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Tomb Raider: Legend (PSP) review: Tomb Raider: Legend (PSP)

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The Good Engaging mix of tools and weapons. Good level design.

The Bad Poor controls and camera angles.

The Bottom Line The latest Tomb Raider release offers improved level design and plenty of tools to keep you interested but unfortunately suffers from poor controls, and some irritating camera angles.

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7.0 Overall

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Tomb Raider: Legend is the seventh title in the long-standing franchise often criticised for its less-than-stellar controls and sometimes illogical level designs.

Well, there's good news: the titles are now being released by Crystal Dynamics (not Core, the original developer), and the difference is immediately obvious. The levels are well designed and the gameplay's pretty good, too. This title is already available for other consoles like the PS2, but Crystal Dynamics has added some great extra features to the PSP version like a tool that creates randomly-generated levels (dubbed master challenge mode), and a multiplayer mode.

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Two guns and tight shorts -- that's Lara Croft, all right.

There are eight levels in the game spread across four different continents. The puzzles get more difficult as the game progresses, but are much more logical than those found in the original series, and therefore more enjoyable to complete. The graphics are stunning, but unfortunately take a heavy toll on the PSP's processor. The game is relatively slow and sluggish, and the frame rate dips dramatically when there's a lot of action on screen.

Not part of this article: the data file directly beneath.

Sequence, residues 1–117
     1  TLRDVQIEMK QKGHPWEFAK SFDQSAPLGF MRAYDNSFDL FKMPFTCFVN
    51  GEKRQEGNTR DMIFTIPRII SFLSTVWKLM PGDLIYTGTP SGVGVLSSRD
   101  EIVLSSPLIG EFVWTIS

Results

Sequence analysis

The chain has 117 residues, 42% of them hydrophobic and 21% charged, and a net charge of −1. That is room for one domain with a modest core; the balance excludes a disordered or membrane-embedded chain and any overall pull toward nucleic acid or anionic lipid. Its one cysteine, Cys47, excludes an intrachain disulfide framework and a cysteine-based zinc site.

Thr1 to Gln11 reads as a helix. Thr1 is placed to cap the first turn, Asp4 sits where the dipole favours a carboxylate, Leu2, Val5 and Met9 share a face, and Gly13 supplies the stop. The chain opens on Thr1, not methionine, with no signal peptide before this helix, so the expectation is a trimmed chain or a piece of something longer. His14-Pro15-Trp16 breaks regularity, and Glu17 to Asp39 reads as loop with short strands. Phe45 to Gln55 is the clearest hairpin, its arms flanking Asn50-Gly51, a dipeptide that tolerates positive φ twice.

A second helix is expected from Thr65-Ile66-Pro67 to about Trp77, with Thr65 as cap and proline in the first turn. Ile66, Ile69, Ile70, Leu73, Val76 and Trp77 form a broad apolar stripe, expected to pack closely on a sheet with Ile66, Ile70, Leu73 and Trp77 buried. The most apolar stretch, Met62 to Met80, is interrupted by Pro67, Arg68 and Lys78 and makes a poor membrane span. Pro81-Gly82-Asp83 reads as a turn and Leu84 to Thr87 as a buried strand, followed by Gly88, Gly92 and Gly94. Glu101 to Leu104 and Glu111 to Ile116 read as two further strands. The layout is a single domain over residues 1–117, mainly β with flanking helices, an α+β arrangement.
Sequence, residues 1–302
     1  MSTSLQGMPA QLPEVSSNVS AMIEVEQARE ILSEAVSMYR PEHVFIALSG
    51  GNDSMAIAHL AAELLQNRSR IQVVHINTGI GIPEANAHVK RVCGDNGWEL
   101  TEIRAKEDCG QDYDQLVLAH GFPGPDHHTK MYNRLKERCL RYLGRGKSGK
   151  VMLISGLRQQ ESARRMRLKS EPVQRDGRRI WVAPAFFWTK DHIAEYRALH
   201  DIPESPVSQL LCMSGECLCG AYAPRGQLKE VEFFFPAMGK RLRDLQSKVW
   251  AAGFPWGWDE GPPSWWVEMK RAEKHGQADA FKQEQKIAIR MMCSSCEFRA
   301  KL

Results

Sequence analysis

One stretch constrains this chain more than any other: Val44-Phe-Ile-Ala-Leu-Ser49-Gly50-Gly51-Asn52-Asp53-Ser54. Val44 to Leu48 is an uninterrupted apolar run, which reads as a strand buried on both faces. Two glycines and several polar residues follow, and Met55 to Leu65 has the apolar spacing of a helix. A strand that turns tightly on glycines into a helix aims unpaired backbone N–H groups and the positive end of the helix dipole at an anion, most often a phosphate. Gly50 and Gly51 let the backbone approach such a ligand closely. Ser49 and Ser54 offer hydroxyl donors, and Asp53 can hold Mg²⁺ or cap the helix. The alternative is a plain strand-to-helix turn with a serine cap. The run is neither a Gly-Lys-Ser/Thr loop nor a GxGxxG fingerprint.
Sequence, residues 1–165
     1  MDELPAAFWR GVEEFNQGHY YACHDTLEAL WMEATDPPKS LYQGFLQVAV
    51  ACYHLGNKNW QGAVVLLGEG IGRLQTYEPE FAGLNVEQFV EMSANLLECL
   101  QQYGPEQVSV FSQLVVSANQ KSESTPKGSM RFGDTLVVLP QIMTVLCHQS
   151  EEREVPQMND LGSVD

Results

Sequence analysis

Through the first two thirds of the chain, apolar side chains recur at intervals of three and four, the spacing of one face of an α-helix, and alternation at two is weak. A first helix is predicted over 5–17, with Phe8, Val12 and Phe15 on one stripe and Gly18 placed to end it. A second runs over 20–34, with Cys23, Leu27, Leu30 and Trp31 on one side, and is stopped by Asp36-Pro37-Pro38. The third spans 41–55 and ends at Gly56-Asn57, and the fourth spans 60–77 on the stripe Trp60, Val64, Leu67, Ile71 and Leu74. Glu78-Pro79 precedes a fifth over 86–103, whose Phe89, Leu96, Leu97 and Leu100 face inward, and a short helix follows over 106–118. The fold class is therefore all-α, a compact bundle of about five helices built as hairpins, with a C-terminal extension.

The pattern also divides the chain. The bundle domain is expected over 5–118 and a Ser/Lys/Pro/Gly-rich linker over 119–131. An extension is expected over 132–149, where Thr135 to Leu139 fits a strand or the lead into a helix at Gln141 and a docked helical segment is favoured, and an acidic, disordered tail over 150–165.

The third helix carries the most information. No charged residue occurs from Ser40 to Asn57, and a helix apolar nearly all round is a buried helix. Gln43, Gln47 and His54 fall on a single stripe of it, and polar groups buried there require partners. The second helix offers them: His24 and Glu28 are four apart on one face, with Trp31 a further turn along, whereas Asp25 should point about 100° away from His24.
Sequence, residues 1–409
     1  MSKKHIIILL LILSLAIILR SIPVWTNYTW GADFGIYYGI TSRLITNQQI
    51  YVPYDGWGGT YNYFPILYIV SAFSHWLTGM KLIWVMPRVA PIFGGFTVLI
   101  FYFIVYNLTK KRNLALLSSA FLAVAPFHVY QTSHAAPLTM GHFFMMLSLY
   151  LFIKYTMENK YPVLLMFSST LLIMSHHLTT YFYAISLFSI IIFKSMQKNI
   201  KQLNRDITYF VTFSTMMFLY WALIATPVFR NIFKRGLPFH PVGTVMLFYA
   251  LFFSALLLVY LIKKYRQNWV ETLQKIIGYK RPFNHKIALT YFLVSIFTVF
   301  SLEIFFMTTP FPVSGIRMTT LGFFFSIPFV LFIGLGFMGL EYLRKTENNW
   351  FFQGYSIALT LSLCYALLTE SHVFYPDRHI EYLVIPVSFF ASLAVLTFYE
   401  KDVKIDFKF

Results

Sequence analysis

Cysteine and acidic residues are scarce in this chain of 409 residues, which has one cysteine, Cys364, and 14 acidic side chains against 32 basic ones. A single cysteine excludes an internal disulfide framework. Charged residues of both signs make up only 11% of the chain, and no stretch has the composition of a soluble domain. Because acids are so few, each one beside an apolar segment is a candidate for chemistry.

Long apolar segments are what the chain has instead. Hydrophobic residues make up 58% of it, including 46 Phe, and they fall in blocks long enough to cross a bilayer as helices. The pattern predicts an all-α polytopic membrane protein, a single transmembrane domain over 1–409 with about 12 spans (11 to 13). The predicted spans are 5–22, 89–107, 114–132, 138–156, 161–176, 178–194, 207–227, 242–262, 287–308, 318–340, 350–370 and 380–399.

Lara Croft has an enormous number of tools and weapons at her disposal, including binoculars, grenades, a torch, communications gear, and an extremely handy magnetic grappling hook that can be used to reach awkward spots. The weapons all react differently and offer a little variation in the game.

Though the PlayStation version was a little more responsive and blessed with more intuitive controls, the same can't be said for the portable release. Unfortunately, the in-game navigation is a little clunky on the PSP version, and it can be hard to move Lara Croft around in tight situations. You can generally learn to work around poor controls, but some of the camera angles in Tomb Raider: Legend are more difficult to forgive. We found ourselves having to restart some levels several times because the camera angle would switch right at the start of a battle, and we would quickly be killed in the confusion. It's far from ideal, and detracts significantly from the otherwise engaging gameplay.

Even if you weren't a massive fan of the original, you should check out Tomb Raider: Legend. Though the controls leave a little to be desired, it's immersive and features more natural level design than the titles released under Core, along with a great set of tools to work through. The frame rate drops a little at times, but overall, Tomb Raider: Legend is a pretty good puzzle/adventure game that will keep you engaged at least long enough to solve all the levels.

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